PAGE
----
In New York, we don’t really have an understanding of spring. There are but a few days in late April/early May when the snow has melted, the rain has passed, the wind chill is gone, and the sun comes out for an elusive flirtation.
This lasts only a few days, before the oppressive heat and humidity of summer crash the party. Yet somehow, chic New Yorkers are always prepared for this handful of days. It’s like they all secretly have cute-weather-outfit radars – a sixth sense I sadly lack. This year, nature decided to grant us these magical days over a month too early (perhaps this is a spring preview! Pun intended). And sure enough, as I boarded the L train to work on a gorgeous day last week, each red-lipped hipster female was more striking than the one before. I’m talking flowey fabrics, floral prints, perfect woke-up-like-this hair and pastel manicures. Meanwhile, I was dressed in the same pair of jeans I’ve been wearing all winter, and last fall’s H&M jacket that was covered in #fredthecat’s fur.
“Damn it,” I thought, “missed it again.”
Thankfully, the flavors of spring are easier to summon in the kitchen than in the wardrobe (well, at least for me), which is where these divine Eastern European flatbreads come in. For this installment of Cooking from Cookbooks, I am thrilled to talk about Olia Hercules’ Mamushka. A fellow Ukrainian native, Olia is a London-based chef and food stylist, and last year’s release of her first cookbook kinda rocked my world. I was so excited and genuinely touched that the food from my homeland was finally getting the attention it deserves. Olia delivered the kind of cookbook I’d always hoped to write myself – Mamushka is filled with traditional home-style Ukrainian recipes, as well as those of our neighboring countries – Armenia, Georgia, Moldova. Mamushka was even nominated for the Food52 Piglet award this year!
The beloved Eastern European flavor combo of salty feta and grassy herbs in a chewy dough makes these flatbreads perfect for springtime nomming. The base of this dough is kefir, a sour dairy product commonly found in Eastern European cuisines. It gives baked – or in this case, fried – goods a tangy flavor and pillowy texture. What makes these flatbreads ‘lazy’, you ask? Traditionally, the feta and herbs are meant to be a filling for a savory hand pie, but in the spirit of saving time, the filling is mixed straight into the dough. Paired with a simple kefir-yogurt dip, these flatbreads are turned into a complete meal. Aromatic, chewy and satisfying, this is pretty much my new favorite food. The yeast-free dough is very hard to mess up, so I hope this recipe will help you usher in spring as much as it helped me.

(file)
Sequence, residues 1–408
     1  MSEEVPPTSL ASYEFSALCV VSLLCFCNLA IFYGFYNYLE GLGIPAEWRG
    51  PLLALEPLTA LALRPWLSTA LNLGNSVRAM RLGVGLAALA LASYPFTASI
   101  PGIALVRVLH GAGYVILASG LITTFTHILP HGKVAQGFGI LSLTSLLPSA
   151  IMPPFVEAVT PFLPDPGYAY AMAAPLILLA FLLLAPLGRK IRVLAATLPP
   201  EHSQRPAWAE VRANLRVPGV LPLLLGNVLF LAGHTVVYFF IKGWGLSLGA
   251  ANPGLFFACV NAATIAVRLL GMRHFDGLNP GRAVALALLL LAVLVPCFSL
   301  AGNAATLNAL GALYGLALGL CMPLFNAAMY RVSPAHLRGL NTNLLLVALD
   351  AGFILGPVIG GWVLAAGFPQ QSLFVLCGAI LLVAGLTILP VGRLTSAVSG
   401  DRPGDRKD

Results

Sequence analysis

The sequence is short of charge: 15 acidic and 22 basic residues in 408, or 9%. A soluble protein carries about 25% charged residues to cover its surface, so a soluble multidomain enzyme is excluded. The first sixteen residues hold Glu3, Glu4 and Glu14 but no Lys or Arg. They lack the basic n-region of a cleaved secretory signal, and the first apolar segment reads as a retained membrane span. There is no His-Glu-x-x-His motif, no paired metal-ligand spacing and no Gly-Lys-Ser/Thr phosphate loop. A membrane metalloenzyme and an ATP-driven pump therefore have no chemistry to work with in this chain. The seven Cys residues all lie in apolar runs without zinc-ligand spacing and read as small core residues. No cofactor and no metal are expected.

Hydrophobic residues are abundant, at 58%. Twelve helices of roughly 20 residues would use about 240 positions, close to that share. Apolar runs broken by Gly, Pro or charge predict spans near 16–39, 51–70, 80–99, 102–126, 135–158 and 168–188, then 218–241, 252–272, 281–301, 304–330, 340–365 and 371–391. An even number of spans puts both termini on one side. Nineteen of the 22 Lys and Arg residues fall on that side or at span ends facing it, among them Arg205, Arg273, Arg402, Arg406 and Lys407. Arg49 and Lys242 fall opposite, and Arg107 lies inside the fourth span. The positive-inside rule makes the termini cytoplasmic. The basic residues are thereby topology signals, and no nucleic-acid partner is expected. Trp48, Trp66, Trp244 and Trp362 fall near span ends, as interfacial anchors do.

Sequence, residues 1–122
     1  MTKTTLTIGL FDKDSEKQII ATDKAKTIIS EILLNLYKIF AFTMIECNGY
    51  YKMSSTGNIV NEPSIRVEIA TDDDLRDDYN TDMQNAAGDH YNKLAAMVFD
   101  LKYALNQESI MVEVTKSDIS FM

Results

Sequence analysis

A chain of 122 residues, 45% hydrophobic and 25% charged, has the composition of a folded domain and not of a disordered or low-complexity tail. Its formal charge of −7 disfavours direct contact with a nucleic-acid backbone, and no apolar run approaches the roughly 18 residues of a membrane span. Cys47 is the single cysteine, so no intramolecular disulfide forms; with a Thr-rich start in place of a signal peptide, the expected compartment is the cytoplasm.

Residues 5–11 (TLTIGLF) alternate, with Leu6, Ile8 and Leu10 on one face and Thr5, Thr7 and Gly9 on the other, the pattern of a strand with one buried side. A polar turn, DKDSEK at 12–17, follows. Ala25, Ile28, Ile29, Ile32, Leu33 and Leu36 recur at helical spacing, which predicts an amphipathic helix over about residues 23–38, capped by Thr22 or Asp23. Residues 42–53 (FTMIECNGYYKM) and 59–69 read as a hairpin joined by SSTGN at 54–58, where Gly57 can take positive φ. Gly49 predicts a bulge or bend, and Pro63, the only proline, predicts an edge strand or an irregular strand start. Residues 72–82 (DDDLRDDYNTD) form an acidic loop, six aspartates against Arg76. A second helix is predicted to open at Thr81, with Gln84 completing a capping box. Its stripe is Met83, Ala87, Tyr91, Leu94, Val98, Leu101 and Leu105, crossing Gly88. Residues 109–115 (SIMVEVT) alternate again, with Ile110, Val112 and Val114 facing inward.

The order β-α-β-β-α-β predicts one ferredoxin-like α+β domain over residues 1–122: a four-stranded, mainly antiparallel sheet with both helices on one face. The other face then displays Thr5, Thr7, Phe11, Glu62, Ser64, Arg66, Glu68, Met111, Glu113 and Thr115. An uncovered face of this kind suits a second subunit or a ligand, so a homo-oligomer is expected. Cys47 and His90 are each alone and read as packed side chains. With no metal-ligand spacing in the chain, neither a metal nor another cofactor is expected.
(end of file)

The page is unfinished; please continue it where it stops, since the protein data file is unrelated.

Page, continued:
This recipe comes from Mamushka by Olia Hercules (Weldon Owen, 2015).
For the Flatbreads
- 2/3 cup kefir, or watered down plain yogurt
- 3/4 teaspoon white vinegar
- 3/4 teaspoon granulated sugar
- 1/4 teaspoon fine sea salt
- 1 teaspoon sunflower oil (or organic canola), plus about 1/4 cup for frying
- 8 ounces feta cheese, crumbled
- 4 scallions, finely sliced
- 1/2 bunch dill, chopped
- 2 1/4 cups all-purpose flour, plus more for dusting
- 1 scant teaspoon baking soda
For the Kefir-Yogurt Dip
- 1/2 cup plain full fat yogurt
- 1/2 cup kefir
- 2 generous handfuls dill leaves, chopped
- 2 scallions, finely sliced
- 3/4 teaspoon ground sumac (*optional)
- Pinch of sea salt
To make flatbreads:
- In a large bowl, combine kefir, vinegar, sugar, salt and 1 teaspoon oil. Add the feta, scallions and dill, and mix well with a fork.
- Sift in the flour and baking soda, and mix in with a fork. The dough should be soft yet dense, and a bit sticky.
- Generously dust a work surface with flour and knead dough until it is homogeneous and holds together, about 1 minute. Divide dough into 6 pieces and roll into balls. Roll out each ball into a circle 6 inches in diameter.
- In a large frying pan over a medium-low flame, heat up enough oil to cover the bottom. Fry breads one at a time, for three minutes per side, adding more oil if needed. Transfer breads to a paper-towel lined platter to drain excess fat before serving. Serve warm with yogurt dip (recipe below).
- Leftover flatbreads can be kept wrapped in plastic wrap in the fridge up to 4 days. Reheat flatbreads in a skillet.
To make yogurt dip:
- Combine all ingredients in a bowl and season to taste. Serve with warm flatbreads. Sauce will keep in the fridge up to 4 days.